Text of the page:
We then continue towards our hotel in Castellabate. En route, we’ll have a winery tour and tasting at Luigi Maffini, a boutique producer who pioneered winemaking in the Cilento and remains one of the region’s stars. Here you’ll taste beautifully crafted white Fiano and red Aglianco, both mentioned by the ancient Roman historian Pliny the Elder. Dinner at a local restaurant. B, D - L'Approdo in San Marco di Castellabate
Day 6 – Cilento & Wine of the Ancients
This morning, the energetic can take a seaside walk from the hotel, following a path shaded by umbrella pines that passes alongside the enchanting villas and private gardens skirting the sea. The more laid-back can choose to relax at the hotel, which offers both a swimming pool and a private beach. We’ll change perspective at lunch, driving up to Castelabate, a medieval town that surveys the entire region from its mountain perch.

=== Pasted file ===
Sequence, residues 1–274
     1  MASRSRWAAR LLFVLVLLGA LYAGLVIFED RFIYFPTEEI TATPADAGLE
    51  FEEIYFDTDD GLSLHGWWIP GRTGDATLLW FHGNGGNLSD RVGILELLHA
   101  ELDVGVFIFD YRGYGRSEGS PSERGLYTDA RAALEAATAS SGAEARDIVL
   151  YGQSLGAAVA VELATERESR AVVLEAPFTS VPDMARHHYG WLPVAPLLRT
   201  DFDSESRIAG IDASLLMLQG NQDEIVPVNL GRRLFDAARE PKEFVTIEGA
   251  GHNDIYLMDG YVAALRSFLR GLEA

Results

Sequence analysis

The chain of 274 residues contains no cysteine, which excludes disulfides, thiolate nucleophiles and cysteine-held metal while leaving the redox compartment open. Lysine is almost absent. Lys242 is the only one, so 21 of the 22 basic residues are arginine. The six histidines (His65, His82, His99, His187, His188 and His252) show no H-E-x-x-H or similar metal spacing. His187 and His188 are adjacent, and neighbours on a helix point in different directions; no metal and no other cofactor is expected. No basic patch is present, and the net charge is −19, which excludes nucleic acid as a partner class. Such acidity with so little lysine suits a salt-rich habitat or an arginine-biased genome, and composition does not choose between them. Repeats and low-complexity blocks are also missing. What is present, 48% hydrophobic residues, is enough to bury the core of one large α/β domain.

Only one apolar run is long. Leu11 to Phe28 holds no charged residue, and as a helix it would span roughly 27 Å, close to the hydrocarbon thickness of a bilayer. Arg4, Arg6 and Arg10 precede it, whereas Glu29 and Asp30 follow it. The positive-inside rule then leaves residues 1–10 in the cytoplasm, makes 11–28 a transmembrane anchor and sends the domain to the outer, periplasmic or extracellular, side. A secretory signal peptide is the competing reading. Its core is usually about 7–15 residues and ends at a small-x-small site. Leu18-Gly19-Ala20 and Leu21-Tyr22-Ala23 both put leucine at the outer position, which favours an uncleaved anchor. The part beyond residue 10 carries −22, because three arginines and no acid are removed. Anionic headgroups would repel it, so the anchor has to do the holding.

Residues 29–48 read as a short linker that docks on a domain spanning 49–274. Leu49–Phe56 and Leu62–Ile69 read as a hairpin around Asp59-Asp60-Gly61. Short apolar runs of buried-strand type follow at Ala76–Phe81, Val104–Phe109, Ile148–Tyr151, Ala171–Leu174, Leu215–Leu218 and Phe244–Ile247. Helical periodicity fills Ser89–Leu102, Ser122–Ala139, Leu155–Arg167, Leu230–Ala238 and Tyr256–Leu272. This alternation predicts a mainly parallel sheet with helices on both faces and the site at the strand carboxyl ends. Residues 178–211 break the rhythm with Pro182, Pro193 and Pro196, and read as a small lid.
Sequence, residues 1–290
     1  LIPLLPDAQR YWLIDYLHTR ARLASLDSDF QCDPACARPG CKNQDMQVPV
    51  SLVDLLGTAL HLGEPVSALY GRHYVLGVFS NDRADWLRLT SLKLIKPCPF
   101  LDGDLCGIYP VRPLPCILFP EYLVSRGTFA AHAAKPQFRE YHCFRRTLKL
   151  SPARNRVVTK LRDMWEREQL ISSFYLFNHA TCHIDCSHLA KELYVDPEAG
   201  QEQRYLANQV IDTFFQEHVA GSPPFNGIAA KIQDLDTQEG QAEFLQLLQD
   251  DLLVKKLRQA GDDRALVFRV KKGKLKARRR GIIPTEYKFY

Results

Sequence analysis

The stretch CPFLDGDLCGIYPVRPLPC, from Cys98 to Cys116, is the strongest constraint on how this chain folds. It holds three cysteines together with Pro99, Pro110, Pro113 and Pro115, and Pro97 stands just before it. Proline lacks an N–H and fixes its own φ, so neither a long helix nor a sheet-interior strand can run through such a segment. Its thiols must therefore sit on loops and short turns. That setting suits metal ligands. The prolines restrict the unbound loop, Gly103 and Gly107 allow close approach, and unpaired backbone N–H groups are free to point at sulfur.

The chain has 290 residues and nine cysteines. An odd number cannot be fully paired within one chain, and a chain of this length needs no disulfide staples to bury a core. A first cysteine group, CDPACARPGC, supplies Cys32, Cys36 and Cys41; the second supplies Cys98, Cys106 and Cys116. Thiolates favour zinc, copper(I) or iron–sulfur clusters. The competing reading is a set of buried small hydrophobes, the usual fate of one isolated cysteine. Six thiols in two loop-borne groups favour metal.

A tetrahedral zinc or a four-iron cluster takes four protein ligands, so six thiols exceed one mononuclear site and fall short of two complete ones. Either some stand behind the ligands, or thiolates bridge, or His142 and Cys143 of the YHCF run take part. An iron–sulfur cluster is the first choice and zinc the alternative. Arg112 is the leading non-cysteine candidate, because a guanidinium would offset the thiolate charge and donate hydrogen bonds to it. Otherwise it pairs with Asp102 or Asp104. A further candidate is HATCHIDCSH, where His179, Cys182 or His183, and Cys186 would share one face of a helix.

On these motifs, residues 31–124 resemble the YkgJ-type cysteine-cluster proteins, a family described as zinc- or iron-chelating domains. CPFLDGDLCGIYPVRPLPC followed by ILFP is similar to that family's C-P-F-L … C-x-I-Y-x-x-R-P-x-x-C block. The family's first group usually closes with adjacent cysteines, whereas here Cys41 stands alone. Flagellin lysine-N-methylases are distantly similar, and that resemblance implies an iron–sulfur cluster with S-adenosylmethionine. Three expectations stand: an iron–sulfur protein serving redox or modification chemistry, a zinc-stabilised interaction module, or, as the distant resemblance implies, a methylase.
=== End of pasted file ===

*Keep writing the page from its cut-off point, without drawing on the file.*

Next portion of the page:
Then in the afternoon, we’ll have our final winery visit at De Concilis. Bruno De Conciliis capitalizes on southern exposure and ancient soils to produce full-bodied, fruit-driven reds. His signature wine is the majestic Naima (named after the John Coltrane tune), but Bruno also makes a range of Aglianico, Campania’s most important red wine. With jazz echoing in the cellars to keep his wines happy, the wines of De Conciliis are sure to be a hit with any wine enthusiast. Dinner at a local restaurant. B, D - L'Approdo in San Marco di Castellabate
Day 7 – Arrivederci!
En route to the Salerno train station, we stop by Tenuta Vannulo, an organic buffalo mozzarella producer. With 300 buffalo living on 500 acres of land, the caseificio gets top-quality milk for its traditionally made buffalo mozzarella. We’ll see that process step-by-step. Then it’s on to Salerno in time to catch a train to Naples or Rome. Or if you’re flying out of Naples, we can go directly to the airport. B
Note: Cost: $3,695, single supplement, $400